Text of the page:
Maiden Pharma Founder, Another Official Jailed In Decade-Old Case: Report
Months after the WHO connected their cough syrups to the deaths of children in Gambia, two pharmaceutical firm executives were sentenced to two and a half years in prison for shipping defective pharmaceuticals to Vietnam ten years ago, according to Reuters on Tuesday.
After the World Health Organization reported that four of Maiden Pharmaceuticals’ cough syrups may have killed dozens of children in the Gambia, the central government ceased production at the company in October of last year due to violations of manufacturing regulations.
The manufacturer has refuted claims that the deaths in the Gambia were caused by its medications, and examinations by a government laboratory revealed no poisons in them.
The business had been having legal issues with alleged subpar products for years.
Naresh Kumar Goel, the company’s founder, and MK Sharma, the company’s technical director, were both sentenced to prison by a court in Sonipat, Haryana, where Maiden has its primary production plant, for shipping heartburn medication that was “not of standard quality” to Vietnam.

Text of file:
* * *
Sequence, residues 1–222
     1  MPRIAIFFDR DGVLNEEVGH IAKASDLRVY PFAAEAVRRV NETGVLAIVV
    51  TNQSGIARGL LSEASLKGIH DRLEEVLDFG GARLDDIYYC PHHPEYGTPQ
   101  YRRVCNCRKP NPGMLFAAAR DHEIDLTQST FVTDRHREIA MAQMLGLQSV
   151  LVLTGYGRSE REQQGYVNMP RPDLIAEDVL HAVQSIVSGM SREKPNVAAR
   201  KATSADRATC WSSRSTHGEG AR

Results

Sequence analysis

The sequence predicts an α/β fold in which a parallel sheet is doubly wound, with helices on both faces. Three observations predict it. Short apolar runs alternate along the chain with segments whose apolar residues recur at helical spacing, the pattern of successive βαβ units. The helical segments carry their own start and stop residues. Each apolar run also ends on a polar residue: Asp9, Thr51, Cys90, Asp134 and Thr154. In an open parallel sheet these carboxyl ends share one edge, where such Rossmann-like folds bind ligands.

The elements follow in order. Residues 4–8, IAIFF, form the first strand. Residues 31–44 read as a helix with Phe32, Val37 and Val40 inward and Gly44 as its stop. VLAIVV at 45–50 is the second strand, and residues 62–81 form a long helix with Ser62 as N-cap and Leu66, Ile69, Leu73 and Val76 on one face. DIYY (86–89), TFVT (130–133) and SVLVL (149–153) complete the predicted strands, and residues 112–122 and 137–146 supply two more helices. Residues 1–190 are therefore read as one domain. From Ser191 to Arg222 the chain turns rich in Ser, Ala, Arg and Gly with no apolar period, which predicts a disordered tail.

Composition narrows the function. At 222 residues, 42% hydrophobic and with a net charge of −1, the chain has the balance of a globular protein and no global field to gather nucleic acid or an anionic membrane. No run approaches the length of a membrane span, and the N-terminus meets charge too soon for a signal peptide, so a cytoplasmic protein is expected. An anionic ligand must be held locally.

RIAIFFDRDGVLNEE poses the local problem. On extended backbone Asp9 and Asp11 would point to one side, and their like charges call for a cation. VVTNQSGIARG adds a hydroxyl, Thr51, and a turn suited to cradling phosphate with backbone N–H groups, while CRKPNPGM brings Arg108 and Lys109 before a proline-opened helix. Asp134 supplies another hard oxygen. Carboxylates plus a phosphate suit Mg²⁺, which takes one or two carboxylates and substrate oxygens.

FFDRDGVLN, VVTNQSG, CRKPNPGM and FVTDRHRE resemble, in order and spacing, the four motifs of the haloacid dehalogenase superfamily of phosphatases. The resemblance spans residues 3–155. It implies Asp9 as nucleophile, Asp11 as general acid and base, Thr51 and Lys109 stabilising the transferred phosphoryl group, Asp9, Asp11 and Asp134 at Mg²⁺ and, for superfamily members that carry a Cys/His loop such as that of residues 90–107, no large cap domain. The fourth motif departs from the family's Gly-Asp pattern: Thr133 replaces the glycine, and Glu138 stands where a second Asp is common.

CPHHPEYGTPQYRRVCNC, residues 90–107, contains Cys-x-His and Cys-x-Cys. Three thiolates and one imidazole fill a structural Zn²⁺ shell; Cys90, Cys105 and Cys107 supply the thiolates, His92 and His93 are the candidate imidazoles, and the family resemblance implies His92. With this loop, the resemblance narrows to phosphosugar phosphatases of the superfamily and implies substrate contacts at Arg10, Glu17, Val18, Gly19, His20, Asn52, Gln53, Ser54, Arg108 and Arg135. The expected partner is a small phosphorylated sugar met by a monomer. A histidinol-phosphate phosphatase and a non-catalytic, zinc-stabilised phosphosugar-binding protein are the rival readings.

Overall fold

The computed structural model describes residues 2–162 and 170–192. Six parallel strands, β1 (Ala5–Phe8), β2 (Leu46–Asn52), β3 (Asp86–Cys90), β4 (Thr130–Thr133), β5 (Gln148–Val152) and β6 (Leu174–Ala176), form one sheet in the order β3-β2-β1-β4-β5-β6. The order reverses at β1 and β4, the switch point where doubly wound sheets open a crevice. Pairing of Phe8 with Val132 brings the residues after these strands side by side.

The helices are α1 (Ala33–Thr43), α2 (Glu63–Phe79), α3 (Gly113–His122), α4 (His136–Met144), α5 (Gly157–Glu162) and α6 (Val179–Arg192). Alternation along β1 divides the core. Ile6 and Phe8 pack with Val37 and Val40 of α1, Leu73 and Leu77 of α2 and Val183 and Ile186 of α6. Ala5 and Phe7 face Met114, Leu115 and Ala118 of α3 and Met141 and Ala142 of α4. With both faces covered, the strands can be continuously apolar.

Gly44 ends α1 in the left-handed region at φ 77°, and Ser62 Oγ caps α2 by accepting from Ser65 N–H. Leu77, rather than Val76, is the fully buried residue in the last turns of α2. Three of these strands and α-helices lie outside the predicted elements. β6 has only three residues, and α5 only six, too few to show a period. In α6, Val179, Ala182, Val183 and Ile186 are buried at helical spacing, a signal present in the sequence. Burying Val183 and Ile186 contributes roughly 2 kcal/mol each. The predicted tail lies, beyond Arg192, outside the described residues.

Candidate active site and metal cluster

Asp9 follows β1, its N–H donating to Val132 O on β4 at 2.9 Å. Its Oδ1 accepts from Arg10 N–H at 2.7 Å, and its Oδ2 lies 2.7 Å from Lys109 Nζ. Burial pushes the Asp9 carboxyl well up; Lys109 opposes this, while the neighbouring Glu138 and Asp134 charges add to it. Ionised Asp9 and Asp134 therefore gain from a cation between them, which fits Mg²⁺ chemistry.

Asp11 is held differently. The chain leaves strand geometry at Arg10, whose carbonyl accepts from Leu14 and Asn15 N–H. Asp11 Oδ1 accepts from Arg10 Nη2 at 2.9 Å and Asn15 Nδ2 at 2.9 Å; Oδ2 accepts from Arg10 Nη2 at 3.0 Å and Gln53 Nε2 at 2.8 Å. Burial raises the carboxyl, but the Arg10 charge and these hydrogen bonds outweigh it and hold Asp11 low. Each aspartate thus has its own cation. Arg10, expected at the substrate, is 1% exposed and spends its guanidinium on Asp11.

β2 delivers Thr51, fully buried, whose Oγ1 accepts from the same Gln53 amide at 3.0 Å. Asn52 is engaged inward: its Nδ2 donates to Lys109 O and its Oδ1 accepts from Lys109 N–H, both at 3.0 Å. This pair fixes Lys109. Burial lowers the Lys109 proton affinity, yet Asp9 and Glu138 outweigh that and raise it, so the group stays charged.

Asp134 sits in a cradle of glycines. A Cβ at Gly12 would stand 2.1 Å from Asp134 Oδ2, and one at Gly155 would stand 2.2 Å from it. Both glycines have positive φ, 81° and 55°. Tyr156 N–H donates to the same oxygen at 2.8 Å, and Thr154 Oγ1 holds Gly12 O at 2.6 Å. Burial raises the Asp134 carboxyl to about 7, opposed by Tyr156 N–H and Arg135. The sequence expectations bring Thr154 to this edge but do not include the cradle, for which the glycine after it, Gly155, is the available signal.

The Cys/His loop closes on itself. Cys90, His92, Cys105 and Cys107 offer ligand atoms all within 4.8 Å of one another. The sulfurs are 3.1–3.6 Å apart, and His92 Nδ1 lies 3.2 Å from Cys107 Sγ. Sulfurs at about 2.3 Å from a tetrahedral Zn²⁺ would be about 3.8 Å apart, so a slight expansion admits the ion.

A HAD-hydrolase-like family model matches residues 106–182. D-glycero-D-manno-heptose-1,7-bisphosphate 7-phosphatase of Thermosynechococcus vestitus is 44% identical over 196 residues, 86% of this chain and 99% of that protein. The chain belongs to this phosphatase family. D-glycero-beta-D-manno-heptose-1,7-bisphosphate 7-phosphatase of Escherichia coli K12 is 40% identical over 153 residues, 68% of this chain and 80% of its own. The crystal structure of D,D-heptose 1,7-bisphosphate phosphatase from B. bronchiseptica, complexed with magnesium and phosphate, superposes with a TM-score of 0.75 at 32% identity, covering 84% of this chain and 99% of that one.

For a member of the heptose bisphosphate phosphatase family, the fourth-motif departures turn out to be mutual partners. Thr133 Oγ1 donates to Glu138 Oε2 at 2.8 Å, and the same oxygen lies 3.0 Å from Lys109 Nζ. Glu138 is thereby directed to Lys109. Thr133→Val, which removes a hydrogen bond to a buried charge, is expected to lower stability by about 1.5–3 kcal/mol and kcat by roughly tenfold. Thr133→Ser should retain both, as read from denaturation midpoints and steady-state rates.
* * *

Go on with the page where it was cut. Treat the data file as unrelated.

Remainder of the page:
“This court has come to the conclusion that the complainant/prosecution has duly proved the charge … beyond a shadow of reasonable doubt,” Judge Sanjeev Arya said in his ruling last week.
This week, the written verdict was made available online. They have until March 23 to appeal to a higher court, according to the court.
For exporting the drug, Ranitidine Tablets BP (Mantek-150), to Vietnam, the two were also each fined 100,000.
When called on his phone, Mr. Goel did not respond. The business declined to give Mr. Sharma’s contact information and stated that it had no immediate comment on the convictions.
The court was instructed by their attorney to take a “lenient view” of Mr. Goel and Mr. Sharma’s penalty because both were over 60 and had been the subject of legal procedures for seven years.
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